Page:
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OpEd: Sun News reporter steps in la merde over French pronunciations

It's not satire - Canadians have reacted bitterly to a piece bashing the CBC for pronouncing French names correctly.
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Karen Green, February 12, 2014 3:00:55 PM

Sun News correspondent, Brian Lilley has apologized for remarks he made on Monday’s Byline segment, where he ridicules the CBC for having the gall to pronounce the names of some of our French athletes … in French.

During the video broadcast, which has since been removed and replaced with the apology video, Lilley hurtles such accusations as, “Broadcasters in this country think that they have to go all native and speak a foreign language just because they’re pronouncing somebody’s name.”

The source of the outrage was Wendy Mesley’s perfect French pronunciation of the names of our medal-winning athletes, including Charles Hamelin, Alexandre Bilodeau, and Justine and Chloe Dufour-Lapointe.

It would be offensive if it weren’t so funny.

In the video, Lilley objects to Mesley’s “ridiculous” accuracy, and includes back-up testimony from so-called linguistics expert, Harley Sims. Sims believes that all of this proper pronunciation is incredibly irritating because, “this is not how people speak.” One would have to question exactly whom Sims is referring to, since it is logical to assume that this is exactly how Francophone people, bilingual people, and people who care enough to make an effort properly pronouncing somebody’s name, speak. One would also have to question how Sims, whose CV speaks more of his knowledge of medieval literature than his familiarity with the spoken word, has the authority to comment on the ethical or academic propriety of respecting a world-class athlete enough to pronounce her name correctly.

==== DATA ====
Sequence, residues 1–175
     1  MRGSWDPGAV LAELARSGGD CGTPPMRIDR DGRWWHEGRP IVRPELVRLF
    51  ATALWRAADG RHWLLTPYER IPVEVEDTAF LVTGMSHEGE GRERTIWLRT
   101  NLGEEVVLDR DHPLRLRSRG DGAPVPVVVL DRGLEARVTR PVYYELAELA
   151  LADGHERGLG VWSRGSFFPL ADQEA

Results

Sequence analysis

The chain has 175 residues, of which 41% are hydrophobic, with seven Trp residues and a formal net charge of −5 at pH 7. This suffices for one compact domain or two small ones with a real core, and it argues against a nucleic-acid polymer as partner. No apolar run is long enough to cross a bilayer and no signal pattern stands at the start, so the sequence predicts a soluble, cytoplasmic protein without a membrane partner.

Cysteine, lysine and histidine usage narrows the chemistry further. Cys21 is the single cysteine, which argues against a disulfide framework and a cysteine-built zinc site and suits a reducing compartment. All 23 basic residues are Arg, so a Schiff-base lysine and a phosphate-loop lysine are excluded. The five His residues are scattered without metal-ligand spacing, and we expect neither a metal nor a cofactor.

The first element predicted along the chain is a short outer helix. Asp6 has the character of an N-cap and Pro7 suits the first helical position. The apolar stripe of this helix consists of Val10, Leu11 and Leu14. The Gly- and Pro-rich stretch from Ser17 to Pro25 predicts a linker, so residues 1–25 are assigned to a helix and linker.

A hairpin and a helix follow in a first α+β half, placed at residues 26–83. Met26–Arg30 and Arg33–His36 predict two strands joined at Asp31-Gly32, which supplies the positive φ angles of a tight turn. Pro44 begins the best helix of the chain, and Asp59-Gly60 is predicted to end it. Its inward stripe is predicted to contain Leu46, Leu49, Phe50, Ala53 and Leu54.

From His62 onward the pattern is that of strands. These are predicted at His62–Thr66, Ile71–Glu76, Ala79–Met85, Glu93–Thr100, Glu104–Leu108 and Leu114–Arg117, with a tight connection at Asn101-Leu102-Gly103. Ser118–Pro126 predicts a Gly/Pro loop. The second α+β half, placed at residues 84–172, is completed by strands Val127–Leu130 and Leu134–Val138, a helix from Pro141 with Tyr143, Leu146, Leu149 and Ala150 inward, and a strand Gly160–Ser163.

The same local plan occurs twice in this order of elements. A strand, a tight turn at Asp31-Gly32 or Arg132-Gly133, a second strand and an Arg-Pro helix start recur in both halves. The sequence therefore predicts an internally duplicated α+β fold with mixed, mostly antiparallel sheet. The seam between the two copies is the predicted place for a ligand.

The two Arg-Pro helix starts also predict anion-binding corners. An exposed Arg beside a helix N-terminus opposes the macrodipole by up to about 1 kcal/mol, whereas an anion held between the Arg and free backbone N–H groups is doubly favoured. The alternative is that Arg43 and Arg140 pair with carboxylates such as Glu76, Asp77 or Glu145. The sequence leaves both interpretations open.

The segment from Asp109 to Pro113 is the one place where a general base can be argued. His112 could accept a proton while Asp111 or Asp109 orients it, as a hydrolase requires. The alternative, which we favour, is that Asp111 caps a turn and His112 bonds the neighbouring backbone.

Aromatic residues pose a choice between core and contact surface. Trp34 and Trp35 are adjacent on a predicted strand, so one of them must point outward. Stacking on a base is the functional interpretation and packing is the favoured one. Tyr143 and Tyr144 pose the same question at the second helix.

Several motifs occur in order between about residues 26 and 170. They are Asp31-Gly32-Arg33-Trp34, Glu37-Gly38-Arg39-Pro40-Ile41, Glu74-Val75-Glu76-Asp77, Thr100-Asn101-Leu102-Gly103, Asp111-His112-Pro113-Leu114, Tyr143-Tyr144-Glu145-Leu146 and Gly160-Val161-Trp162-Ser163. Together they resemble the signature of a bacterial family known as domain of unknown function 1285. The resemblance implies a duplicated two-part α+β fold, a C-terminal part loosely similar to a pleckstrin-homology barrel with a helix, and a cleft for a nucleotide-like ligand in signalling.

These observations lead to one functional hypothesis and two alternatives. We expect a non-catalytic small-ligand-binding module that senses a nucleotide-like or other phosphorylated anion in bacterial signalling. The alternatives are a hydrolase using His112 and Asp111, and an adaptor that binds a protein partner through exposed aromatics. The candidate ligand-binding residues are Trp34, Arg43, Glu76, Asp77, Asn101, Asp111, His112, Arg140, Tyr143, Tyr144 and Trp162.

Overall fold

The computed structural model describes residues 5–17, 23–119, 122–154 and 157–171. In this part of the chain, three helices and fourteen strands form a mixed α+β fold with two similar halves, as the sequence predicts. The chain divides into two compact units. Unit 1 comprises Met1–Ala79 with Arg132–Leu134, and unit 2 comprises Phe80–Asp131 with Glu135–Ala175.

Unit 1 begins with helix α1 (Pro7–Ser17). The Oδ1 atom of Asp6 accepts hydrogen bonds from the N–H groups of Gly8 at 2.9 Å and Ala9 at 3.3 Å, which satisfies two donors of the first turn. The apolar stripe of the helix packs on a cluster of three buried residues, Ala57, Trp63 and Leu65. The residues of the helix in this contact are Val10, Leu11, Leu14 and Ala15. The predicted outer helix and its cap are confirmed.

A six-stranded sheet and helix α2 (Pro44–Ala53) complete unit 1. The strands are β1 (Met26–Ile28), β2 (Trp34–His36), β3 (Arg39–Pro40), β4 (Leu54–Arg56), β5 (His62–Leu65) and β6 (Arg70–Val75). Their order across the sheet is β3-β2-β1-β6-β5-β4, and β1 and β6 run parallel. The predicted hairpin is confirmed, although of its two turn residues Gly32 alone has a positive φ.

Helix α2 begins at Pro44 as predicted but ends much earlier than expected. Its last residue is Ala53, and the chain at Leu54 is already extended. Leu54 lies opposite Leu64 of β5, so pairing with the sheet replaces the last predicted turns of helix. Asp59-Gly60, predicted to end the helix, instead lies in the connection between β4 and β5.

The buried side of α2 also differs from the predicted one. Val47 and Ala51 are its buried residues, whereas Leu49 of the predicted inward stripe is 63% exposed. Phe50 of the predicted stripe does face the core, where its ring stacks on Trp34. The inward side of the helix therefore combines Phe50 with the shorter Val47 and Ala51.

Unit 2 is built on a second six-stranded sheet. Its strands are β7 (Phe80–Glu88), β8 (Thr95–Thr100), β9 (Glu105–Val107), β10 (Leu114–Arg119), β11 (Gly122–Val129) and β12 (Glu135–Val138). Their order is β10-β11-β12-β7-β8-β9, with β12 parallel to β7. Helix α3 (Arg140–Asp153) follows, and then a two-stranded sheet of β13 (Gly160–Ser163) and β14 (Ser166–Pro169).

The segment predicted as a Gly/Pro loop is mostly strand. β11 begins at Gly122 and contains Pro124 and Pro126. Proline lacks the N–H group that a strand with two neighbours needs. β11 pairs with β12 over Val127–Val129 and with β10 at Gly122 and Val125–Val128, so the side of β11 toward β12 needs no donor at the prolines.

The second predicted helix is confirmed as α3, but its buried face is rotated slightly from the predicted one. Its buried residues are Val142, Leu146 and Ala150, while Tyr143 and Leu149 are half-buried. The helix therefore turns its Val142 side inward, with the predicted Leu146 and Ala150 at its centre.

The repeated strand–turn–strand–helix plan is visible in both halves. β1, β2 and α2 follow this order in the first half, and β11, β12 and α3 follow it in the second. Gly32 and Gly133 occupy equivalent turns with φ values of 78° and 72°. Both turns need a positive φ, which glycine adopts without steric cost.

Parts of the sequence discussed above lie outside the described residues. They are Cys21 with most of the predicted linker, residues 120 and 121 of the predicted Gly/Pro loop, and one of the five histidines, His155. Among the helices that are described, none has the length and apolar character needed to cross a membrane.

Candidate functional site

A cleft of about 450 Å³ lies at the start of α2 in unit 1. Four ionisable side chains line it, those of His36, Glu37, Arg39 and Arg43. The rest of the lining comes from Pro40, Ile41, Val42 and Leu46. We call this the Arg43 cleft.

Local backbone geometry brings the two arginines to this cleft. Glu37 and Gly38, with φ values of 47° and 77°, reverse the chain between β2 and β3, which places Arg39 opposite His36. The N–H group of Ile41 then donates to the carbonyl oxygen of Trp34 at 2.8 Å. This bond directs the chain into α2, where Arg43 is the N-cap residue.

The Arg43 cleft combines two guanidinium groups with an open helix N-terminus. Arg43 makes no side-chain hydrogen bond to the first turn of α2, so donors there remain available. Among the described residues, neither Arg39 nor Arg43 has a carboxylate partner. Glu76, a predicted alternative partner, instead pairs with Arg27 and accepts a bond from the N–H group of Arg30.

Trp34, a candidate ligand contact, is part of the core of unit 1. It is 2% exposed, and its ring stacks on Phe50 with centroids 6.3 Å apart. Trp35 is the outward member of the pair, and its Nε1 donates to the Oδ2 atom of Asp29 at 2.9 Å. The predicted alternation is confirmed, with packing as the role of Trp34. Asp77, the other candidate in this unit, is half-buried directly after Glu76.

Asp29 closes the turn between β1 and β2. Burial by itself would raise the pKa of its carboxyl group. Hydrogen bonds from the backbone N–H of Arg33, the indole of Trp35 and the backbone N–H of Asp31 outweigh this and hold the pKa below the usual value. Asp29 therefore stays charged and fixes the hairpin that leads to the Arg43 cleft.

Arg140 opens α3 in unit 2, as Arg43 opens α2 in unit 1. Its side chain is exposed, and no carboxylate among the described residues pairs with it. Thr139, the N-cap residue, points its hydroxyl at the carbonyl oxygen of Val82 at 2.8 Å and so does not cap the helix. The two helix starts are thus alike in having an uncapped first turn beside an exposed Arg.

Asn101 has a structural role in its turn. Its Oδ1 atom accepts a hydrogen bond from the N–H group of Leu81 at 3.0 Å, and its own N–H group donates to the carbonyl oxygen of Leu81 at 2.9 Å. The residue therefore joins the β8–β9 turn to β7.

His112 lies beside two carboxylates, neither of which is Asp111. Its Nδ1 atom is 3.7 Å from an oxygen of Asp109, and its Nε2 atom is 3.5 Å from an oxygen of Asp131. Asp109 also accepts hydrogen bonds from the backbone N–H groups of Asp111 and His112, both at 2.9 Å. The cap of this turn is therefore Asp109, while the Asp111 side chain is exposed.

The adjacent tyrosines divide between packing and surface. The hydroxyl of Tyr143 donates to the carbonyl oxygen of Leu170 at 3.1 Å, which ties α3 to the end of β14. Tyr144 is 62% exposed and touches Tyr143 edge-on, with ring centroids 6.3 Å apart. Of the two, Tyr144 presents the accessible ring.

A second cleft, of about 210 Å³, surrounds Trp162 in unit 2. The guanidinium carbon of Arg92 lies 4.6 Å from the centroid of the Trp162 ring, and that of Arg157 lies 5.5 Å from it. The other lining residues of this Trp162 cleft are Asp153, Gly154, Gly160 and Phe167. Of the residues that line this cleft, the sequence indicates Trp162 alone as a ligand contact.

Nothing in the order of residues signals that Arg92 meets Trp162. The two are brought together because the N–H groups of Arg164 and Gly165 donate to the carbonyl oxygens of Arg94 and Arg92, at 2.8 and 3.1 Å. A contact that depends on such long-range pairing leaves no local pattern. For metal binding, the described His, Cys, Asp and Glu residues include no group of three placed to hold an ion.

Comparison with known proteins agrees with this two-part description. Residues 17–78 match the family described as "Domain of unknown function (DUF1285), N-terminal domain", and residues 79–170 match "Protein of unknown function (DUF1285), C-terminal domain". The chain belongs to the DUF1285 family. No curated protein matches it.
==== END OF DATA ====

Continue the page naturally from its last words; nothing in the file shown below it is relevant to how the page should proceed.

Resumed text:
Often referred to as Fox News North, it’s not surprising for Sun News, and Lilley himself, to manufacture scandal where there is none, and to go after the CBC for any infraction, whether imagined or real. But this time a line was crossed, and even Sun News and Lilley himself, had to quickly acknowledge it.

Perhaps it was because the outrage was not just about the xenophobic, anti-Francophone undertones in Lilley’s editorializing, nor was it about grasping at any opportunity to indulge in a little CBC-bashing – if it were truly either of those things, it’s doubtful that any retraction would have been offered.

But this was about the athletes. This was about the most base politicization that could have been conjured, using our athletes as foils. This was about taking our Canadian pride, our Canadian unity – a unity that is often fragmented – and reducing what should have been a great moment on the national stage to the most petty,  divisive, and unimportant issue one could imagine.

Our athletes deserve better than that; Canadians deserve better than that.

At least, in his apology, Lilley acknowledges that his “light-hearted fun” might have been taken the wrong way, and that he didn’t mean offense.

“The focus,” he says, “should be on the athletes.”


Above: Sun News TV’s Byline host Brian Lilley (left) and guest commentator Harley Sims.
Image: Sun News

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